The Marchutz Tapes — Reflections on Art
Man I Can Hear It
In this excerpt, Leo Marchutz speaks to a question that seems particularly relevant in our present world — what’s the purpose and value of art-making in the face of dire social, political and environmental crisis. Marchutz speaks to the difficulty of justifying art in a theoretical way, and points to the simple experience of being ‘touched’ by a particular work, and the almost ineffable knowing that results.
Leo Marchutz (L.M.): The question you have been asking: I think there is only one answer possible. That somebody asking such a question is somebody who has never been touched by a work of art, and you cannot talk with these people, because you cannot talk with a blind man about color. And that is about the situation. One cannot even argue with them because one is at a different… one speaks a different language.
Sam Bjorklund (S.B.): So what is the question, Leo?
L.M.: Why an art school today, where so much more important things have to be done in this world? It is a question many people today ask themselves and ask others. And I believe a person who asks that isn’t touched by any work of art, otherwise he couldn’t ask that.
Billy Weyman (B.W.): But, Leo, what if you were talking with someone who admitted that he had never been touched by a work of art or that he didn’t understand the nature of art – but was genuinely interested in trying to understand, why it was important and even believed that maybe it was a good answer but he just didn’t know what the answer was?
L.M.: Well, one can say that it is one of the most important things in human life and if one doesn’t understand it, one cannot make to understand it… one cannot… one cannot. You cannot theoretically say why it is important.
B.W.: Because, I think, there are people, maybe even in our very school, who sometimes ask themselves the question when they are painting, if maybe they ought not to be doing something they consider to be more useful to mankind and they immediately start thinking… .
L.M.: If they think they can do something more useful for humans, maybe… it may be more useful if they do something else. But then it can only be people, who have not the vocation of an artist, otherwise they couldn’t ask the question, seems to me.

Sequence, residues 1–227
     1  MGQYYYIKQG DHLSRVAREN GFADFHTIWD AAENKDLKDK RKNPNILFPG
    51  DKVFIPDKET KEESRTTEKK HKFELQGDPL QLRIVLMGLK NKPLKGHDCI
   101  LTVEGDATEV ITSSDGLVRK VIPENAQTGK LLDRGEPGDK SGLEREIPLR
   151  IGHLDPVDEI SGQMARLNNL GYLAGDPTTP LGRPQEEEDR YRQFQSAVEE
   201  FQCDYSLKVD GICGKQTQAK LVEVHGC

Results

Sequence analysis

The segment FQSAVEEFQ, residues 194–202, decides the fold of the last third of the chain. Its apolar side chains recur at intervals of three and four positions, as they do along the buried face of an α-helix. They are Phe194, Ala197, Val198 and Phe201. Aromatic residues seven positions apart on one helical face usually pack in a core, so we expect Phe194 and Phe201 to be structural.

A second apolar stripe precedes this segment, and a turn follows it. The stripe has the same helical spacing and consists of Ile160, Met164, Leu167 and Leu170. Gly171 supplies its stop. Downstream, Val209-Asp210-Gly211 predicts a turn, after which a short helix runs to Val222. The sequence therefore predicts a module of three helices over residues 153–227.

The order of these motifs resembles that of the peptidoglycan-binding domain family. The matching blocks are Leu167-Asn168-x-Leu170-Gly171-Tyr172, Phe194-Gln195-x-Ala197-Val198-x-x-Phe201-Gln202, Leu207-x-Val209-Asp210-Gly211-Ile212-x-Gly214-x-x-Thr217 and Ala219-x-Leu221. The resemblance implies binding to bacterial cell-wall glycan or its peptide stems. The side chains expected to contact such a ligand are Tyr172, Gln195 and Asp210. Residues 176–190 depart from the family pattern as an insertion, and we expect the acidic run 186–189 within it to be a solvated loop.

Excerpt from The Marchutz Tapes, 1974-1976
I will always remember painting on the streets of Philadelphia and the occasion a passerby moving at a fast clip abruptly stopped. He looked at my canvas and then looked carefully beyond to the subject I was painting and exclaimed “Man, I can hear it… I can hear it ” and then continued on his way. This event stands out for me as resonant in that I understood that art making still has the miraculous and immediate capacity to touch people and make them want to see. To this day I feel that beyond producing an esteemed work of art conceived as an intelligent and enlightened expression, that the mere creative act which compels anyone to stop, step outside of themselves and simply open their eyes has merit.
My education from the Marchutz school emphasized the continuity of artistic form observed in human activity throughout history — Millet’s “The Winnower” clutching his wicker basket presents a common human experience as a modern big-box employee corralling plastic shopping carts. Similarly Vermeer’s “Woman Reading a Letter” echoes a youth intently texting outside a Uni-Mart in 2020. The materiality and particular color harmonies inherent in the spaces occupied by humans in their historical milieu shift dramatically, providing a whole new set of unprecedented formal challenges which are capable of leading to universal truths. I believe the apparent discord of the contemporary synthetic landscapes actually reaffirms the necessity of making art, of wringing beauty and order out of the chaos and strangeness of our times.
For me, an ongoing bold effort is required to grasp the peculiar light and complexion of the present, which is after all not unrelated to any other distinct period in history. While sitting on the shoulders of our ancestral giants whose art has taught us how to love throughout the ages, our innovative visions positively reaffirm age old human truths and help provide meaning and dignity to our fleeting lives.
Excerpt chosen by David Brewster
David studied at the Marchutz School circa 1980. “My paintings synthesize a 200-year-old tradition of American Scene Painting into a new breaking point of abstraction in order to make sense of an increasingly bizarre and incongruous synthetic landscape.”
Click here to view David’s website & the video “Painting Maryland through Time”.